No freeze on Crist's campaign funds
Some Republican donors want money back now ...
COLLIER COUNTY — A judge Monday denied attempts by two campaign contributors who want to prevent Gov. Charlie Crist’s U.S. Senate campaign from using $7.5 million donated to his Republican campaign for his run as an independent candidate.
However, Senior Collier Circuit Judge Jack Schoonover said he’d agree to hear the motion for a preliminary injunction again if Rep. Tom Grady, R-Naples, is successful in his motion to certify the lawsuit as a class-action; Grady represents two plaintiffs, an East Naples woman and a former ambassador who was a GOP financial chairman. The plaintiffs sued on behalf of Republican contributors who donated before Crist’s April 29 switch.
Grady plans to file that motion this week, while Crist’s attorney, Scott Weinstein of Fort Myers, will file a motion to dismiss the lawsuit. Schoonover agreed to hear arguments some time next week.
After the hearing, Grady said it was likely Weinstein’s lengthy memorandum persuaded the judge to hold off on granting the motion until the plaintiffs are certified as a class.
“It may take us time to get there, but I am sure we will get there,” Grady said, referring to certification and a refund. “... Why should the governor be able to choose? Well, you’ll get your money back but you won’t get your money back.”
He referred to highly criticized refund to Jim Greer, the former GOP chairman indicted on charges he used party funds for personal expenses. Greer asked for his $9,600 contribution back and Crist complied. It was among $177,883 in refunds, according to recent federal campaign filings.
The plaintiffs, Linda Morton, a Lely mother of four, contributed $500 to Crist’s primary campaign, while John Rood of Jacksonville, a retired U.S. ambassador, donated the maximum, $2,400 for the primary and $2,400 for the Nov. 2 general election. His affidavit says Crist agreed to refund $2,400 if he didn’t win the Republican primary.
They want to prohibit Crist from using the $7.5 million remaining in his coffers after his switch. Their affidavits say the GOP is important to them and Crist was using their money to oppose a Republican. Neither was in court, nor was Crist.
Weinstein contended the lawsuit was a ploy to “choke Crist’s campaign” and “create havoc.” He argued many contributors support Crist and don’t want refunds.
“Money is important to a campaign,” Weinstein said, surrounded by reporters and cameras. “... They don’t have the right now to say that there’s some sort of a breach of warranty. This isn’t Sears: Satisfaction guaranteed or your money back. This is an election where the campaign finance laws allow and support this use of these funds.”
Schoonover’s ruling was the latest since the plaintiffs sued in Collier Circuit Court on June 22. Crist’s prior attorney removed it to U.S. District Court on July 16, arguing it involves the Federal Election Campaign Act, which Grady disputed.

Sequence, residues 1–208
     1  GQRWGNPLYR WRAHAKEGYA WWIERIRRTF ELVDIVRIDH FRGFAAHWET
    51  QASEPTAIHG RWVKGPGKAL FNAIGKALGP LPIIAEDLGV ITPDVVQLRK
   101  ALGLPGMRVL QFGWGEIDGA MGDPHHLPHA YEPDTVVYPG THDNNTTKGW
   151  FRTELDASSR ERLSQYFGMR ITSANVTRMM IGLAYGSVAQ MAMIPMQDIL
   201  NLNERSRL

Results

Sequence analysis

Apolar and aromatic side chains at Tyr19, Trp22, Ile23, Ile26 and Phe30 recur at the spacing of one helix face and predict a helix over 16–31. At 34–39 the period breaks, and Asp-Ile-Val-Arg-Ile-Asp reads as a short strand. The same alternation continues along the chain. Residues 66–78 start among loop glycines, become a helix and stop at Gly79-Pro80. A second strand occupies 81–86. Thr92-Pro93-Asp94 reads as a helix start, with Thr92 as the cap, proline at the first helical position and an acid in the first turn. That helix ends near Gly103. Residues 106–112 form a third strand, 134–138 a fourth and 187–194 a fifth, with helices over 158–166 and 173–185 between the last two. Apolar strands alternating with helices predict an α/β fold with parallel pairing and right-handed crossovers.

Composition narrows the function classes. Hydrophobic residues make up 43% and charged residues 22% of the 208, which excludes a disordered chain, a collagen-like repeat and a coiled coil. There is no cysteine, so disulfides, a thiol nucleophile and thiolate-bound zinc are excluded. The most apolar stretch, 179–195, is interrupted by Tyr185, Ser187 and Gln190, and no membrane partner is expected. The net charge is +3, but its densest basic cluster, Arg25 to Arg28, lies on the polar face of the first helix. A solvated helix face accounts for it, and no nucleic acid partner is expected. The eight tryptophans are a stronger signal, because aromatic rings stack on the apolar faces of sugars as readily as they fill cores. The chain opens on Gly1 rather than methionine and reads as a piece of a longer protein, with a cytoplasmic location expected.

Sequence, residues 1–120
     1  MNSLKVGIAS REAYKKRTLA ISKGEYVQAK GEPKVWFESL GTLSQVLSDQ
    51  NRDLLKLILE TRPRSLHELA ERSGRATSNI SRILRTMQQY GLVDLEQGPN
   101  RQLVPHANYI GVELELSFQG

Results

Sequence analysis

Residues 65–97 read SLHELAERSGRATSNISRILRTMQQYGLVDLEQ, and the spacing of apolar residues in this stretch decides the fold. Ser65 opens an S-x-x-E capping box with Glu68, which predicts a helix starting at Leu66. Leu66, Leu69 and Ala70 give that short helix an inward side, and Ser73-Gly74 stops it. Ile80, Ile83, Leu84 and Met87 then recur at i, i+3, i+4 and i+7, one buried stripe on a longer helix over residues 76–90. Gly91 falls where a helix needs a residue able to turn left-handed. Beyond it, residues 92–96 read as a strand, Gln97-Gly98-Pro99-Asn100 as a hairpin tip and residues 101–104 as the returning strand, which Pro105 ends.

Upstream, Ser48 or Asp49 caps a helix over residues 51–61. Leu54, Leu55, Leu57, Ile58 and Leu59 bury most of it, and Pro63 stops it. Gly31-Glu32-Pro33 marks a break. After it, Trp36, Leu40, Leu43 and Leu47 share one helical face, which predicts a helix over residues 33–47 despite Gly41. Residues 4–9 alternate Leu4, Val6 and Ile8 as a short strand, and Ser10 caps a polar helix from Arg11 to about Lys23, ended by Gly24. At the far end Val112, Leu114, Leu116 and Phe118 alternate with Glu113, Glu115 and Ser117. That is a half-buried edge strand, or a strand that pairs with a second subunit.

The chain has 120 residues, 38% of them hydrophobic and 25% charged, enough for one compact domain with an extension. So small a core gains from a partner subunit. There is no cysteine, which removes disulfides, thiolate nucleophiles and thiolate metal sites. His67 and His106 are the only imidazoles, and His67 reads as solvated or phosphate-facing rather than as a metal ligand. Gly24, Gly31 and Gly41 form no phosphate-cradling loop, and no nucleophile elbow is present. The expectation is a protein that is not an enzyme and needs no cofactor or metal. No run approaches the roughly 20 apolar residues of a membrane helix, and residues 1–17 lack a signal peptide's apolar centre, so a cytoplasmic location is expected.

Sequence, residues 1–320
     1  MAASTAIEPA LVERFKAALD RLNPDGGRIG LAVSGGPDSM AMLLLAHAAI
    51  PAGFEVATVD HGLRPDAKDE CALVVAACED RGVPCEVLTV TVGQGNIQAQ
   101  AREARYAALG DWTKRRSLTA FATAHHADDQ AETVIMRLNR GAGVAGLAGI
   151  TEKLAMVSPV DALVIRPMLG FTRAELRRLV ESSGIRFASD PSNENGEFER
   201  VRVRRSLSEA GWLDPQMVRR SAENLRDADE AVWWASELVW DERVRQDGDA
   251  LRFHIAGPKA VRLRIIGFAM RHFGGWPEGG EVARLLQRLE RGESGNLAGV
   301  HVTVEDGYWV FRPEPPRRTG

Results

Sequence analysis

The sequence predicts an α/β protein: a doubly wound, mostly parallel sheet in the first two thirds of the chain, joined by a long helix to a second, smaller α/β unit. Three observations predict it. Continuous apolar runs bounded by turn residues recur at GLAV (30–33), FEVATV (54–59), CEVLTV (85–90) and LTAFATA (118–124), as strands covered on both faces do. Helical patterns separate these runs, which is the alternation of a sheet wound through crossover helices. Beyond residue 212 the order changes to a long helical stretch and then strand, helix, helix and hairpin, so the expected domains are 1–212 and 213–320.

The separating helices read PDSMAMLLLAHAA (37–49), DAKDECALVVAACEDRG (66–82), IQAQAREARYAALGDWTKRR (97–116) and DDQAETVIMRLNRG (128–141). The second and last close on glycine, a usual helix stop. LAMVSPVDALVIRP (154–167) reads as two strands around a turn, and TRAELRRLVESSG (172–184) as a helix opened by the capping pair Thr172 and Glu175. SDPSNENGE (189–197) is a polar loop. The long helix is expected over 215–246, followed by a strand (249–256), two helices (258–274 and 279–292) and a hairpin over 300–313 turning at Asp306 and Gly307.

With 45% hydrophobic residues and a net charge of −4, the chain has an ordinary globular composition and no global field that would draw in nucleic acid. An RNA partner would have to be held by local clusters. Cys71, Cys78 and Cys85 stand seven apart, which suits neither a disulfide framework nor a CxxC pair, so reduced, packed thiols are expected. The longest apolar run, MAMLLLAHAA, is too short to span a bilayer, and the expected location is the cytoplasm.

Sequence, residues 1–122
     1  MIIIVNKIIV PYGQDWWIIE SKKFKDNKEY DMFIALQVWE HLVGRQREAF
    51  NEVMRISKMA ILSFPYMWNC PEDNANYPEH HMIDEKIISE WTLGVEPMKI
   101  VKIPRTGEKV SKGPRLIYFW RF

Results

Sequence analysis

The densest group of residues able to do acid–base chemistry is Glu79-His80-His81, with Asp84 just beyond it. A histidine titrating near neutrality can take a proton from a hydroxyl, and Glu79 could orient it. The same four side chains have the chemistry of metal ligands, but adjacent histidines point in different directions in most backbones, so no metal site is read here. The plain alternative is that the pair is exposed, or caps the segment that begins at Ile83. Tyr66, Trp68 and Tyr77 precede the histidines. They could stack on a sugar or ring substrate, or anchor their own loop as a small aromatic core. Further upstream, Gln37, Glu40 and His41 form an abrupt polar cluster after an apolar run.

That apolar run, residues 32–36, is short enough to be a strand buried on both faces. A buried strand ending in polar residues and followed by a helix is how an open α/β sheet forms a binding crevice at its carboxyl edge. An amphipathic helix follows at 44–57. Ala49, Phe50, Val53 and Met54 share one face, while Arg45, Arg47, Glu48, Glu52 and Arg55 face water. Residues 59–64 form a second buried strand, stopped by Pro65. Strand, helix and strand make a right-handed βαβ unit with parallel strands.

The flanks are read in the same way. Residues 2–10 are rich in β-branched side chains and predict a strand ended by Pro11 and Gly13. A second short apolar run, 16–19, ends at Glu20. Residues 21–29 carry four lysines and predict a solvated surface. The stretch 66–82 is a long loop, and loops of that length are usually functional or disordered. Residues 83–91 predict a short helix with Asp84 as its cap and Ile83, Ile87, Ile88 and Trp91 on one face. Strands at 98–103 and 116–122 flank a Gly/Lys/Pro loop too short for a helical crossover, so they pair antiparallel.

On Aug. 18, U.S. District Judge Charlene Honeywell ruled the case belonged in state court, agreeing it seeks compensation for unjust enrichment and breach of contract, implied covenants of good faith and fair dealing — state laws.
Crist has been criticized for not returning money donated by Republicans, but told CNN Saturday he’d provide refunds to those who ask.
Rood was among 20 people, including GOP fundraisers and contributors, who wrote an open letter in May demanding Crist “return every penny of donor money from every donor who asks for a refund.” He didn’t and the lawsuit was filed.
The lack of GOP backing hasn’t hurt Crist, who switched parties after falling behind former House Speaker Marco Rubio, a Republican, in the polls. Recent polls show Crist leading at 39 percent, followed by Rubio at 32 percent and Democrat Kendrick Meek, 16 percent.
Schoonover often played devil’s advocate, peppering arguments with questions. “What legal reason have you given me to give the money back in small claims court? Buyer’s remorse?” Schoonover asked.
Later he asked, “Don’t go too far with this, but what if Crist died?”
Grady believed election laws required expenses be paid before refunding the remainder.
Although Grady sought, at the least, a refund for the two plaintiffs, Weinstein argued case law was mixed on “pick offs,” paying off plaintiffs in class-action suits and proceeding. He maintained Grady wasn’t entitled to that until the plaintiffs were certified.
He argued the lawsuit should proceed to trial with experts testifying, along with all contributors demanding refunds.
“But it can’t be done in less than two months,” Weinstein said, referring to general elections. “It just can’t.”